The grass is growing!  It’s still sort of patchy but I hope if I keep adding compost building good soil the grass seed  will fill in the bare spots next spring.  I’m a little angry with myself about ignoring the compost pile this last week and letting it get cold. I missed keeping it mixed up so it could maintain the heat it generated. I learned that if you keep working the pile regularly to keep it mixed it can get very hot and break down organic matter quickly.  Not to big a deal as I can get back to work mixing it more regularly and being more pro-active about maintaining it.  I asked one of the neighbors to bring over grass clippings from the next mowing and that should get the pile cooking again!  Buying dirt at the store is expensive but making good compost is cheap though it does take some physical energy. While the soil I have is mostly alkaline I got great results on my raised beds by mixing the my mineral rich soil with bagged soil from the store. Using compost and rototilling it with my soil in my garden beds should make a great growing medium for next year’s plants.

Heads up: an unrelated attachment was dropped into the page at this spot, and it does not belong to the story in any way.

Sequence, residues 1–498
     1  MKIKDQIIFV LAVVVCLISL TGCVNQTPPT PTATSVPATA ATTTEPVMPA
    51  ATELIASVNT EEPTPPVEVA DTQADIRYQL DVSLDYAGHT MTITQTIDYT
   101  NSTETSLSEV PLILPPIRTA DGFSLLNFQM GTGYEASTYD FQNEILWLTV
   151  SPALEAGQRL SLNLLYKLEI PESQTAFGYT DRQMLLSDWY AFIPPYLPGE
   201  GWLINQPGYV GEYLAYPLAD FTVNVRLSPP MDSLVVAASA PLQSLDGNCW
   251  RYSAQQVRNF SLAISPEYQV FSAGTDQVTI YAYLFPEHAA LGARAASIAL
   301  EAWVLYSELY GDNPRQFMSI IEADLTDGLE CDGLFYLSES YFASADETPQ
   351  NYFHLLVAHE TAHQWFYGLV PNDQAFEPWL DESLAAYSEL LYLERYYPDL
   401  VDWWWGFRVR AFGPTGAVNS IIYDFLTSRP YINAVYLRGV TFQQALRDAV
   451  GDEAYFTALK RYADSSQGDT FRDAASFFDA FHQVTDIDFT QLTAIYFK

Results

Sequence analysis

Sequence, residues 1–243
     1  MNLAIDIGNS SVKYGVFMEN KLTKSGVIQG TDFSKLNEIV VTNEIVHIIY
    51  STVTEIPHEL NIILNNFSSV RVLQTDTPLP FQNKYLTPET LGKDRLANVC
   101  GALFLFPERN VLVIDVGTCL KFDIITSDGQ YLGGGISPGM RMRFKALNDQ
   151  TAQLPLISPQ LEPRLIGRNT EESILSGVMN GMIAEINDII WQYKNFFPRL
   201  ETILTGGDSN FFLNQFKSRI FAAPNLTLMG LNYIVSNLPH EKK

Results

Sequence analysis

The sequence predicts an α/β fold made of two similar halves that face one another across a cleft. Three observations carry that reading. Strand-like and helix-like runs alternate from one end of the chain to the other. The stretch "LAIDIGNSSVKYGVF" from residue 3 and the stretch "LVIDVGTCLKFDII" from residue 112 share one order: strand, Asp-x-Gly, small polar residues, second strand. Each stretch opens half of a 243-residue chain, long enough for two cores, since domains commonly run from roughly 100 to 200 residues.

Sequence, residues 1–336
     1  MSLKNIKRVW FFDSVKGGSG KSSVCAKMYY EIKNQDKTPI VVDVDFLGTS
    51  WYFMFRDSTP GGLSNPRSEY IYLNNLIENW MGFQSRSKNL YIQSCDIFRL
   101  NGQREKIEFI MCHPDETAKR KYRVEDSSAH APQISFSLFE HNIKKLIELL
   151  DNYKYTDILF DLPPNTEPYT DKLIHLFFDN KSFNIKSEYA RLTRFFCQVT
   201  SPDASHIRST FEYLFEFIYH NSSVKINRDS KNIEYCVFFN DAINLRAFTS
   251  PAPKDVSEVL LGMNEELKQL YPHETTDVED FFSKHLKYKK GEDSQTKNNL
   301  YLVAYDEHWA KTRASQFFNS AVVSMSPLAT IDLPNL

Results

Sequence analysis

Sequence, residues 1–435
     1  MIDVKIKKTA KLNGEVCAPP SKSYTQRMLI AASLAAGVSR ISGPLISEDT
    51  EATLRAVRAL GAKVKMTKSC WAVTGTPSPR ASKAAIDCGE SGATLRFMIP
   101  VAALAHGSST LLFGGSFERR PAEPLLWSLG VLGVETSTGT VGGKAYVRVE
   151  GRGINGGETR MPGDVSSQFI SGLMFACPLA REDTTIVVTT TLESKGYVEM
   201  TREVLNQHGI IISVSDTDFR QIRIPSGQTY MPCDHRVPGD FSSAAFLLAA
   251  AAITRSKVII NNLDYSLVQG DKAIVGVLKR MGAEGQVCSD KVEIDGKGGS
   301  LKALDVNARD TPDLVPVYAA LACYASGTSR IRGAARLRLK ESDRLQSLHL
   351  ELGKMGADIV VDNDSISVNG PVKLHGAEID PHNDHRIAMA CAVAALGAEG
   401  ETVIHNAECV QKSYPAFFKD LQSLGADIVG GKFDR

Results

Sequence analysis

I have some great news about Diana the peke! It seems that the mammary cyst is shrinking. I had to change her diet to mostly soft dog food but I am staying away from any dog food and treats with wheat as an ingredient. She is doing great and regained a lot of her bounce.  Diana is also much more active and engaged with her surroundings, she is just flat out enjoying life that I’m happy to see in her.